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Thanks for all of the input everyone. I found a Marmot Crib 3p on Steep and Cheap for $200 so I bought that. I may not end up keeping it if it is not the right tent for me. I appreciate all the help, it certainly gave me a lot of options. If any one has had any experience with the Crib, or other Marmot tents I would be interested in hearing about it, as I still need to make the desicion whether to keep it or not. Thanks

4:16 p.m. on February 1, 2010 (EST)
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I just bought my first Marmot tent too. I've been anxiously awaiting a dry spell here in Ohio to set it up in the yard, but it has been cold and wet. =(

5:24 p.m. on February 1, 2010 (EST)
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I just bought a Marmot Limelight 3P and it is awesome! Great quality tent! My tent is to small for 3 people but perfect for my son and I. I think the crib 3 is a bit bigger than mine so you should deffinetly be happy with that one! You paid $200 for the crib 3 wow! I wish I had seen that before I got the Limelight. Mine was $239 and smaller than yours. I think the crib 3 retails for like $389, great deal on steep and cheap! Enjoy the Marmot, you wont be dissapointed!

8:27 p.m. on February 1, 2010 (EST)
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Ummm, yock,

Cold wet weather is the best way to test a new tent. First time I set up my Trango 3.1 expedition tent was in a blizzard, as was the second time I set up my Bibler Eldorado - tells you really fast whether the tent does what it is claimed to do. Well. ok, if you are trying to figure out the instructions, you might want warm and dry. But that's what living rooms are for, with garages second choice (only if you have a non-woodsy spouse).

8:42 a.m. on February 2, 2010 (EST)
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Bill, my wife and I live in an apartment. We have cats and no garage. =)

8:44 a.m. on February 2, 2010 (EST)
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I just bought the Limelight 2P for myself. It's effectively a 1-man tent for my build, but I'm hopeful for some breathing room. The thing that concerns me about it, before I've had it out of the sack, is that it isn't packed very tightly. I think I'll be able to compact it some by stuffing it rather than folding it, and by keeping the stakes and poles separate. We'll see.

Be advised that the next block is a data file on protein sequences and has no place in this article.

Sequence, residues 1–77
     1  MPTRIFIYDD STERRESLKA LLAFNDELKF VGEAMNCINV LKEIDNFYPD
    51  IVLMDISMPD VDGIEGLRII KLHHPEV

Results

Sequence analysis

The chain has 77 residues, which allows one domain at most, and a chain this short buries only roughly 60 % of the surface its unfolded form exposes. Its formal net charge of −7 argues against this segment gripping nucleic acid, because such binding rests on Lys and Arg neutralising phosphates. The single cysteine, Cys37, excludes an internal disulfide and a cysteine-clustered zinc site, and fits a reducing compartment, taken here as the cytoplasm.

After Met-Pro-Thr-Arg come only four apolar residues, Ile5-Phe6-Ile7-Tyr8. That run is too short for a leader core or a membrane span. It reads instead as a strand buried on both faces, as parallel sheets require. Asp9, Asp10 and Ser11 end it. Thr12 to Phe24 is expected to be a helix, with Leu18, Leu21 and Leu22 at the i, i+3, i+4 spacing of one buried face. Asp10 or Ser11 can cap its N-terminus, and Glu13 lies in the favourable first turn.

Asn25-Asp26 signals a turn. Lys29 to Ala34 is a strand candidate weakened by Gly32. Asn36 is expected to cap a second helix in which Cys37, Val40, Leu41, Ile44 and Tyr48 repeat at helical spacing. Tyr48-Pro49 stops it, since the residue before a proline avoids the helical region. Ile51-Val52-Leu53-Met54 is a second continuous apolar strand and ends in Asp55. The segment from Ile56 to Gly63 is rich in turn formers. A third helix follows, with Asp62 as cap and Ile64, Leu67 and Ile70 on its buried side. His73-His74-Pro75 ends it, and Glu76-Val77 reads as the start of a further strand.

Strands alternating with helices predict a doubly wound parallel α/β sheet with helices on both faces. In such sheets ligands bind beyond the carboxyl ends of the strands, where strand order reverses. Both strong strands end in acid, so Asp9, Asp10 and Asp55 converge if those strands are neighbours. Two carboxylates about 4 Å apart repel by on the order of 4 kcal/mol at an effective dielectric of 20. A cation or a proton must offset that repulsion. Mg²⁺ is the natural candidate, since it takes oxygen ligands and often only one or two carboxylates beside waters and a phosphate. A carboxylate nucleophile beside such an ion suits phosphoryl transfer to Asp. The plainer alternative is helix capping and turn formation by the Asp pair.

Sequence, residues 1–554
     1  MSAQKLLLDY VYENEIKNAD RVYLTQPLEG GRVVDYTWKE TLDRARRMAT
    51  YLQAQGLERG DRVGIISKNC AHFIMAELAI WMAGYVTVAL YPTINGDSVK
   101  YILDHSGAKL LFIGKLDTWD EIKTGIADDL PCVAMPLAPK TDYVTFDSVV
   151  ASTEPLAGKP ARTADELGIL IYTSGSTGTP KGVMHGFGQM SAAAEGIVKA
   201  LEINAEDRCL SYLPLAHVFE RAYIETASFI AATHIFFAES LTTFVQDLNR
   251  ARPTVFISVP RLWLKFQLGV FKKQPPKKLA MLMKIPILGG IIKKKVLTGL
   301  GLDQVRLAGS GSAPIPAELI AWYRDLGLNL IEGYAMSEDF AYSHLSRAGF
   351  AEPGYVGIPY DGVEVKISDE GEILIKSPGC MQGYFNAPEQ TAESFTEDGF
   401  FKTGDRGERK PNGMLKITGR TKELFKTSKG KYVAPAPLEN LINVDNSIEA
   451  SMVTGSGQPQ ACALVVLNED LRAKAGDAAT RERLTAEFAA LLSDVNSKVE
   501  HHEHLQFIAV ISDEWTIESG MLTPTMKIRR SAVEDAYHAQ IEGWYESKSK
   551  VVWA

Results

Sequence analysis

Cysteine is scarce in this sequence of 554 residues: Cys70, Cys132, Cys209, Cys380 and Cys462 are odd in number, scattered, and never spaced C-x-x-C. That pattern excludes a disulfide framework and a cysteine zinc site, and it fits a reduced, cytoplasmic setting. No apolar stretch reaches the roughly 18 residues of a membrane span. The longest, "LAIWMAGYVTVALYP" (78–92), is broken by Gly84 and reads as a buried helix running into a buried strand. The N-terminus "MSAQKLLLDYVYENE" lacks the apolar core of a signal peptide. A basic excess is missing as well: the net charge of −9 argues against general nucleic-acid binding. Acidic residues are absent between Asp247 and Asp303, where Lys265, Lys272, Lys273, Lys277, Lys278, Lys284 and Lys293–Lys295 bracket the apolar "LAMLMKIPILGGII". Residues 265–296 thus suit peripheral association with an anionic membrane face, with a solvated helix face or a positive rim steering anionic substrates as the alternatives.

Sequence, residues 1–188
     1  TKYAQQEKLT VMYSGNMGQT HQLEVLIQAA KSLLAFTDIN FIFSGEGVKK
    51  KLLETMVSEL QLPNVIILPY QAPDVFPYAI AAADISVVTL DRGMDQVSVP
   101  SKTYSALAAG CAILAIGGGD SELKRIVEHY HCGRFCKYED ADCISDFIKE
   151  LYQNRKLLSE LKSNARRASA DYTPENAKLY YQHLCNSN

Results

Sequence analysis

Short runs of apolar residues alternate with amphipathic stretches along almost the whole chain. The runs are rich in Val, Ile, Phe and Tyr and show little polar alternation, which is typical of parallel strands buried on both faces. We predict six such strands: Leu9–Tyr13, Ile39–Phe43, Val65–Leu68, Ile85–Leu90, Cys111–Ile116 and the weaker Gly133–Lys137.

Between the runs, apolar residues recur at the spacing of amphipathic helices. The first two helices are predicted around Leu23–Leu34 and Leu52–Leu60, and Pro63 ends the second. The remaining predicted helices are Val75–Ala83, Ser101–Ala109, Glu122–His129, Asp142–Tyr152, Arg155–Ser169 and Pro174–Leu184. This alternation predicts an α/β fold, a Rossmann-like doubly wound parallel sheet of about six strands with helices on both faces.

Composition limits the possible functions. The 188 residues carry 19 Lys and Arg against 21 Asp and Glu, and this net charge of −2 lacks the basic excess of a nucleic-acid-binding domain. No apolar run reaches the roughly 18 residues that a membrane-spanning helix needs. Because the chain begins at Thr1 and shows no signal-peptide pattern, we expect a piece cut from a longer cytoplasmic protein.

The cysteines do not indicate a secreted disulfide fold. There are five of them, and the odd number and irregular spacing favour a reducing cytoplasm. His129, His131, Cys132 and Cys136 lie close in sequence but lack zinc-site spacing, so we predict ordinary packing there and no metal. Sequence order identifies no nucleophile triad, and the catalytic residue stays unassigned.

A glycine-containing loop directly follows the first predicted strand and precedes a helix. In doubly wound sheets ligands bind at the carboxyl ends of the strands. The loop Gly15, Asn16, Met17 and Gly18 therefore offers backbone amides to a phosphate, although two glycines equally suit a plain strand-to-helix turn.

12:46 p.m. on February 2, 2010 (EST)
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Back a few decades when I was a starving student living in a dorm room, I used to set my tent up in the dorm room after trips to dry it out. Luckily my room mate was also a woodsy sort. I did the same when I lived in an apartment when in grad school. "where there's a will there's a way".

2:03 p.m. on February 5, 2010 (EST)
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To answer your question about Marmot tents, I've been very happy with mine. I've been able to set mine up in a few minutes which makes it nice while setting up in the rain. Their website has some instructional videos about all the features of the tent. I've never had leaking problems and if you open the vents condensation is not a problem. The two vestibules is really nice as well. The bright orange might turn you off but the color really does go well with the mountains.

12:58 p.m. on February 8, 2010 (EST)
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I have a Stephensons 2R and a 3R. The 3R is a LOT bigger and is luxurious for two adequate for 3. Both set up quickly in stormy conditions. The 3R has door in front and back and is a welcome addition if you have 3 in the tent as you don't have to crawl over everybody to get out/in. The 3R vents better than the 2R.

Both are simple effort to set up in a blow. The 2R needs one peg for the rear and two in front to pull bottom of tent taut and you are inside dry. (3R needs two in front and back). There are two multisectional hoops that set up in under 30 seconds for both, takes about a minute to thread the hoops through the sleeves. Usual set up is well under 5 minutes (less if two people) even if you have to prepare the site a bit. If nasty weather it takes 4 more pegs in the corners. If REALLY nasty there are two guy lines out from front and an internal stabilizer for winds up to 160mph - so sez the advert. Not sure I would want to test that. The 3R comes with an optional additional hoop for expected large snow loads.

Both can be kept taut throughout a storm from the inside. Only your hands get wet or cold.